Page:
Following an offseason in which the New York Yankees have thus far avoided just about all of the big-name free agents available, expectations seem relatively low for the franchise with the most World Series victories in all of baseball. Despite the relative lack of offseason activity, the Yankees have an excellent chance at not just making the postseason in 2015, but also a making a deep run once there.
This is not just unfounded optimism. The Yankees, known for their penchant for pursuing the biggest-name free agents each and every offseason, have not made the big splash that the San Diego Padres, Chicago White Sox or Chicago Cubs have, but Brian Cashman and the Yankees have quietly filled out their roster with players who will contribute in 2015 while also acquiring some players with tremendous upside. The fragility of the aging veterans on the roster remains a concern, but there is reason to believe that this Yankees team will be able to bounce back after a 2nd-place finish in the AL East a year ago.
While the Yankees have not yet pursued the available big-name free agents who remain, it is important to remember that the Yankees are always capable of going after a player they target regardless of the contract requirements. Max Scherzer’s current asking price may be too prohibitive at the moment, so perhaps the Yankees are just biding their time until the cost comes down. Or it may simply be the case that the Yankees have changed course in terms of their offseason strategy in order to develop the players that will help them contend in 2015 and beyond. Regardless of their strategy, there are at least 10 good reasons why we believe the Yankees can make the playoffs in 2015.
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10 Yankees Were a First-Place Team Through 43 Games in 2014
It is easy to forget that the Yankees were leading the AL East through the first 45 games of the season before injuries began to decimate the roster. It is actually quite impressive that a team that lost most of its pitching rotation for the bulk of the season went on to win 84 games. That is probably not the output that most Yankees fans expected, but it is also only four/five wins short of the number that both the San Francisco Giants and Kansas City Royals accumulated on the way to their respective trips to the World Series. In today’s MLB, a win total in the high-80s can mean a deep postseason run, and the Yankees proved a year ago that they have a core group of players who are capable of producing more than 85 wins.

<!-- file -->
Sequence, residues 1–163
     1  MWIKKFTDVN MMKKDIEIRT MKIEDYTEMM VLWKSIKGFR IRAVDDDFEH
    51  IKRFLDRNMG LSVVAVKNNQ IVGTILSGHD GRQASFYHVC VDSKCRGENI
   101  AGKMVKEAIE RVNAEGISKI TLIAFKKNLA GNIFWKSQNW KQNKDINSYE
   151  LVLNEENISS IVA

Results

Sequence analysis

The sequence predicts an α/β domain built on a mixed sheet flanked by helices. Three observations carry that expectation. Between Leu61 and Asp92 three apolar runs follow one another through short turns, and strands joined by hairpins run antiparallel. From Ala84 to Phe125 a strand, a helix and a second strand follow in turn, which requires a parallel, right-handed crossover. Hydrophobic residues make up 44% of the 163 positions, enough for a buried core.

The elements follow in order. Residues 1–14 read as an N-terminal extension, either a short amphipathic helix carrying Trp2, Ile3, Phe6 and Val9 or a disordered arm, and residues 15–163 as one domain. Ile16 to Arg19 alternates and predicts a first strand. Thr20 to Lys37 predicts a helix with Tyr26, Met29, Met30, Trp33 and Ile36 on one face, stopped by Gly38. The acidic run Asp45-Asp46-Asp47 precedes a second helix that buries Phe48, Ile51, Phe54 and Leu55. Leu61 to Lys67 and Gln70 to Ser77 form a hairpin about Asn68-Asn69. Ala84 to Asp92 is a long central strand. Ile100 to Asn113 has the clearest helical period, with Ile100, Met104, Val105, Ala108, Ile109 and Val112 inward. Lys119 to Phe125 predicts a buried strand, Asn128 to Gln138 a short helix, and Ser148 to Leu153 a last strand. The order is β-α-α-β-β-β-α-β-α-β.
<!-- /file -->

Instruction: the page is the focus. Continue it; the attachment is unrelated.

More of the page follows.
9 AL East Is Up For Grabs
The Baltimore Orioles won the division a year ago, but they have not exactly kept their roster intact this offseason, as they have allowed Nelson Cruz and Nick Markakis to walk in free agency and have a dearth of productive outfielders currently available to them. They do have Chris Davis and Manny Machado returning from injury, but the Orioles certainly have some important roles to fill before the season starts.
On the surface, the Red Sox seem vastly improved, but they spent most of their offseason adding two players who have major question marks in Hanley Ramirez and Pablo Sandoval. Ramirez is a tremendous hitter when healthy, but he is injured frequently and is a nightmare defensively. Sandoval has a great postseason track record, but he has been wildly inconsistent otherwise, and the Giants hesitated to extend him before the 2014 season due to concerns over his weight. While the Red Sox have gone from worst to first before, the fact remains that the core of their team won 71 games a year ago, so a drastic improvement – especially given their rotation as it currently stands – seems unlikely.
The Blue Jays should be interesting, having added Josh Donaldson and Michael Saunders via trade, but there are still questions remaining concerning their rotation, and the current plan appears to be to start Dalton Pompey in the outfield, a player entering his age-22 season with a total of 17 big-league games under his belt. Then there are the Tampa Bay Rays, who are always difficult to project, but without Andrew Friedman and Joe Maddon at the helm, it seems that the AL East is wide open for the Yankees.
8 Masahiro Tanaka Returns for 2015
Tanaka was a dominant pitcher while healthy in 2014, going 13-5 with a 2.77 ERA and an impressive 2.58 xFIP. He struck out 9.31 batters per nine innings while only walking 1.39 per nine, an impressive ratio that demonstrates his impressive control. There are some obvious caveats here, and there is an argument to be made that Tanaka should have just shut it down and got the Tommy John surgery over with. However, there are a few examples of pitchers – Adam Wainwright is one -- who have successfully attempted to rehab the injury Tanaka suffered rather than going under the knife. The Tommy John surgery is likely an eventuality, but it still may be many years from now. If Tanaka can remain healthy throughout 2015, the Yankees have a shutdown ace on par with any pitcher in the majors.
7 Vast Defensive Improvements
There is no doubt that Derek Jeter will be missed at Yankee Stadium, but his defense at shortstop has left something to be desired for quite some time. He showed flashes of his former defensive prowess, but the fact remains that Jeter was something of a defensive liability at the most important defensive position on the diamond. With Jeter being replaced by a combo of Didi Gregorius and Brendan Ryan, the defense up the middle of the field should actually be quite good. Brian McCann, Stephen Drew, Gregorius, Ryan and Jacoby Ellsbury are all solid defenders and should bring a lot of positive value to the Yankees in 2015.